There’s no deny­ing that democ­racy is fac­ing a cri­sis of cred­i­bil­ity like never be­fore. Can greater so­cial ac­count­abil­ity make for a stronger prod­uct?

Financial Mail - - PROTECTED SPACE -

Septem­ber 15 is #World­democ­ra­cy­day. This year’s theme, de­ter­mined by the UN, is “Democ­racy Un­der Strain, So­lu­tions for a Chang­ing World”.

I’d be sur­prised if any­body dis­agreed that democ­racy is un­der strain glob­ally, or that ours is un­der more strain than oth­ers right now, de­spite the “new dawn”.

I was re­cently asked whether so­cial ac­count­abil­ity can save democ­racy. There is no ques­tion that democ­racy, as im­ple­mented today, is im­per­fect, yet it’s the best mech­a­nism for reg­u­lat­ing hu­man co­ex­is­tence con­cep­tu­alised to date.

Glob­ally, democ­racy is un­der strain as elec­torates have, oddly, cho­sen ac­count­abil­ity-de­plor­ing despots who prom­ise quick so­lu­tions to com­plex eco­nomic growth.

It doesn’t help when political lead­ers, in­clud­ing some in par­lia­ment, bla­tantly vi­o­late their con­sti­tu­tional obli­ga­tions by in­cit­ing oth­ers to un­law­fully in­vade the pri­vate prop­erty of oth­ers in the name of re­dress­ing the colo­nial and apartheid le­gacy of racialised poverty.

These cracks in democ­racy are also ap­par­ent in count­less vi­o­lent pub­lic protests, many of which are erod­ing al­ready in­ad­e­quate and age­ing pub­lic in­fra­struc­ture — such as schools and health fa­cil­i­ties.

Para­dox­i­cally, some his­tor­i­cally ad­van­taged groups are equally dis­af­fected. For ex­am­ple, we’ve seen Afrifo­rum call­ing upon US pres­i­dent Don­ald Trump to come to its res­cue in the face of nonex­is­tent gov­ern­ment land-grab­bing.

Now, we can blame ex­trem­ists and na­tion­al­ists all we want for be­sieg­ing democ­racy, but if we are hon­est, we’ll agree there are core rea­sons for democ­racy’s cri­sis.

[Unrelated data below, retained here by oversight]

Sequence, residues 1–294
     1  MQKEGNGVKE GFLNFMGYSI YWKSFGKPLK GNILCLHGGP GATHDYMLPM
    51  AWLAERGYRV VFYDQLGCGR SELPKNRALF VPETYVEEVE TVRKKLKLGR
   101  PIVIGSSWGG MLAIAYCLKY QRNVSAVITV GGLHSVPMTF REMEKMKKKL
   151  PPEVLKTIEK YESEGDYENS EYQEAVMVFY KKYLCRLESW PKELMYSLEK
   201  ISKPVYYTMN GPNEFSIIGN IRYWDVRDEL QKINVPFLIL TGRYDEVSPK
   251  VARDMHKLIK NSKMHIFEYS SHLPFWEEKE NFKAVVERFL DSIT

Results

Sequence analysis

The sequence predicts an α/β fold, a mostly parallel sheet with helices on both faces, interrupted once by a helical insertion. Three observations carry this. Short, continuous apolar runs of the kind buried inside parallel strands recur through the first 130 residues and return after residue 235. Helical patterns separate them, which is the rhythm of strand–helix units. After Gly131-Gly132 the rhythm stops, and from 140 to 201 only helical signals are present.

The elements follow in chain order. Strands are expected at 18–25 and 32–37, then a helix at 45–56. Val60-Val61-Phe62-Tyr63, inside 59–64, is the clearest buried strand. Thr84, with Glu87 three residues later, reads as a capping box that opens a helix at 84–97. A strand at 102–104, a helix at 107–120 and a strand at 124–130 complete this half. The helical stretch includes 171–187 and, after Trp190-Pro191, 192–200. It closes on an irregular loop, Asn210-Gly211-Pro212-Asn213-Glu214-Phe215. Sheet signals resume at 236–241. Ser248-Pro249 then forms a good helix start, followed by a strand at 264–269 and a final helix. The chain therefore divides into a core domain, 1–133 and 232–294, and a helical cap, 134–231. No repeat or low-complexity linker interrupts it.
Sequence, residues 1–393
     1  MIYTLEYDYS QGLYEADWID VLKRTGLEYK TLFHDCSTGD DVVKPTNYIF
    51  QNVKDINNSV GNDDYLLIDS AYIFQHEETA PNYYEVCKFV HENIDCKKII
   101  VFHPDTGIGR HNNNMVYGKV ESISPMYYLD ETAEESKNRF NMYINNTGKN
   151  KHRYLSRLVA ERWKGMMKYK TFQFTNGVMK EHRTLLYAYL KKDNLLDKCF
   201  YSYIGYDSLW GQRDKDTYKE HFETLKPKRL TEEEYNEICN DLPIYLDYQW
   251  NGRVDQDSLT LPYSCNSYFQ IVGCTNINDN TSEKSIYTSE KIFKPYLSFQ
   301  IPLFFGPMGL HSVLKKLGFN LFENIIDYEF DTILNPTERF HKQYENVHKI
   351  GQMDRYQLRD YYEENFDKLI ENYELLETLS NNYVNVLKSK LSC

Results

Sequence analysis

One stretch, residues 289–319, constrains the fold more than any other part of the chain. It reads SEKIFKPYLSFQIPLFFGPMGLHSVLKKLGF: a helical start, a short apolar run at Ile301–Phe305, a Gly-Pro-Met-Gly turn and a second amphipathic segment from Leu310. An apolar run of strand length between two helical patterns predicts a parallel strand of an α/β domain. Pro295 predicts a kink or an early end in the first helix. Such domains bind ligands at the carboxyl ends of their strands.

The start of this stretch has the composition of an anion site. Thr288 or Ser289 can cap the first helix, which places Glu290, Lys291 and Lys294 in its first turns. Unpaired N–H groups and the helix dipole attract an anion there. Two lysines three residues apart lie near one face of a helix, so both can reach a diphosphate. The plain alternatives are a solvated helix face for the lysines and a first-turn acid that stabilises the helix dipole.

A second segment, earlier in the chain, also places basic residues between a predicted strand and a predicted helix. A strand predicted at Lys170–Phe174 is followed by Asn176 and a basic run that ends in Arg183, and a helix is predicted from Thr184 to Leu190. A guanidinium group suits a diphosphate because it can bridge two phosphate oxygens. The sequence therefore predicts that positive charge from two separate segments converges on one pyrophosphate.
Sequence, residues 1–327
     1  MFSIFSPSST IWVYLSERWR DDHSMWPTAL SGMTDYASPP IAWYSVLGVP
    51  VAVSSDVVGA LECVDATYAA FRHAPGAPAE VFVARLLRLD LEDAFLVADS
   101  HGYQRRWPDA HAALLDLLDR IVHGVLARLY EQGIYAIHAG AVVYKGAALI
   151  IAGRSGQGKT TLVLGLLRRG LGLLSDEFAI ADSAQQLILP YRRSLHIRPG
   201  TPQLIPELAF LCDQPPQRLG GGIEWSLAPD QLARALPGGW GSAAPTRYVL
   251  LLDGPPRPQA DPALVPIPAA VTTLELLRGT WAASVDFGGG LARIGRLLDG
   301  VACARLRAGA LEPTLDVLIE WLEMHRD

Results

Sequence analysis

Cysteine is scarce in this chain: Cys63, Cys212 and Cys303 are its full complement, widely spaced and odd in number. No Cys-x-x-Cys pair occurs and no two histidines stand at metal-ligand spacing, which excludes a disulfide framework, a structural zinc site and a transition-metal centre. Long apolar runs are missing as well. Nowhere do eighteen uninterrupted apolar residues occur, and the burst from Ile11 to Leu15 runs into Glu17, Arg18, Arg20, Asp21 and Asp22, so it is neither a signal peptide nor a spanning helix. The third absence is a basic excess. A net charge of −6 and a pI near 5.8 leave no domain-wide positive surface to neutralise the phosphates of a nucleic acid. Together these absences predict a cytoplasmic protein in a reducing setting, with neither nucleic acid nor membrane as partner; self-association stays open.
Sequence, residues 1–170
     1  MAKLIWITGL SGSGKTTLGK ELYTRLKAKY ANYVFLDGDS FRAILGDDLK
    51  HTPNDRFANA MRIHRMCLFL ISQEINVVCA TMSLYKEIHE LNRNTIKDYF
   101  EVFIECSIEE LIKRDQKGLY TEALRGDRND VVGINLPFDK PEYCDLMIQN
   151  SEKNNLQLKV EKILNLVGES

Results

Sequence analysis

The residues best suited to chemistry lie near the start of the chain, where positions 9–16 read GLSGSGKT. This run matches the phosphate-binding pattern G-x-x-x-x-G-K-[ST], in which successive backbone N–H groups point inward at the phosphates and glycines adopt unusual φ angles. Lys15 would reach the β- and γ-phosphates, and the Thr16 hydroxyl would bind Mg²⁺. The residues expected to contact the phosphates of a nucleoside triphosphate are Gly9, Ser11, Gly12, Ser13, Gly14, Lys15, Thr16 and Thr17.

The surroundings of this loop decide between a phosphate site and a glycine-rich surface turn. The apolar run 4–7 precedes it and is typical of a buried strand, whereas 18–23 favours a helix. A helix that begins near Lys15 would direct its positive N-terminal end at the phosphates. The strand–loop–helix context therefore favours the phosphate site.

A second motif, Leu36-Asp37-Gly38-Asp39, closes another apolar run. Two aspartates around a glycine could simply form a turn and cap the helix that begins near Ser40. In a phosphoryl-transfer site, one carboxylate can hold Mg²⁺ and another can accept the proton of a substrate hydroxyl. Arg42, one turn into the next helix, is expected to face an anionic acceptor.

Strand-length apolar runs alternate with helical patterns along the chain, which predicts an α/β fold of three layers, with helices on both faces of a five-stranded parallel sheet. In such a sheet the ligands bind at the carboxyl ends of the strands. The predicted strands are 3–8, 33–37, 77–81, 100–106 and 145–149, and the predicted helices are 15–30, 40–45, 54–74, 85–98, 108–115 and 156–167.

For a start, the ob­scene lev­els of so­cial in­jus­tice, char­ac­terised by ex­treme poverty and in­equal­ity along the con­tours of colo­nial and apartheid struc­tures, are strain­ing the be­lief in democ­racy. The hun­gry and an­gry are re­sent­ful. And when gov­er­nance fails, things fall apart. In­creas­ingly, poli­cies are pro­nounced with­out be­ing thought through or with­out con­sul­ta­tion hav­ing taken place.


There’s also a huge in­tegrity deficit in demo­cratic in­sti­tu­tions, thanks to what researchers call “cor­rup­tion, clien­telism and cap­ture”. Here, democ­racy is per­verted as the will of the bribers, client groups and elites re­places the will of the peo­ple.

This fu­els mis­trust.

The ben­e­fi­cia­ries of this cor­rup­tion then use the re­sent­ment they gen­er­ate to mo­bilise sup­port for them­selves from the very pub­lic they loot, as seen in the

White Monopoly Cap­i­tal cam­paign aimed at de­rail­ing the pub­lic pro­tec­tor’s state-cap­ture in­ves­ti­ga­tion in 2016.

So, can so­cial ac­count­abil­ity save democ­racy?

Democ­racy is fac­ing a cri­sis of cred­i­bil­ity as the promised ben­e­fit of greater equal­ity hasn’t hap­pened

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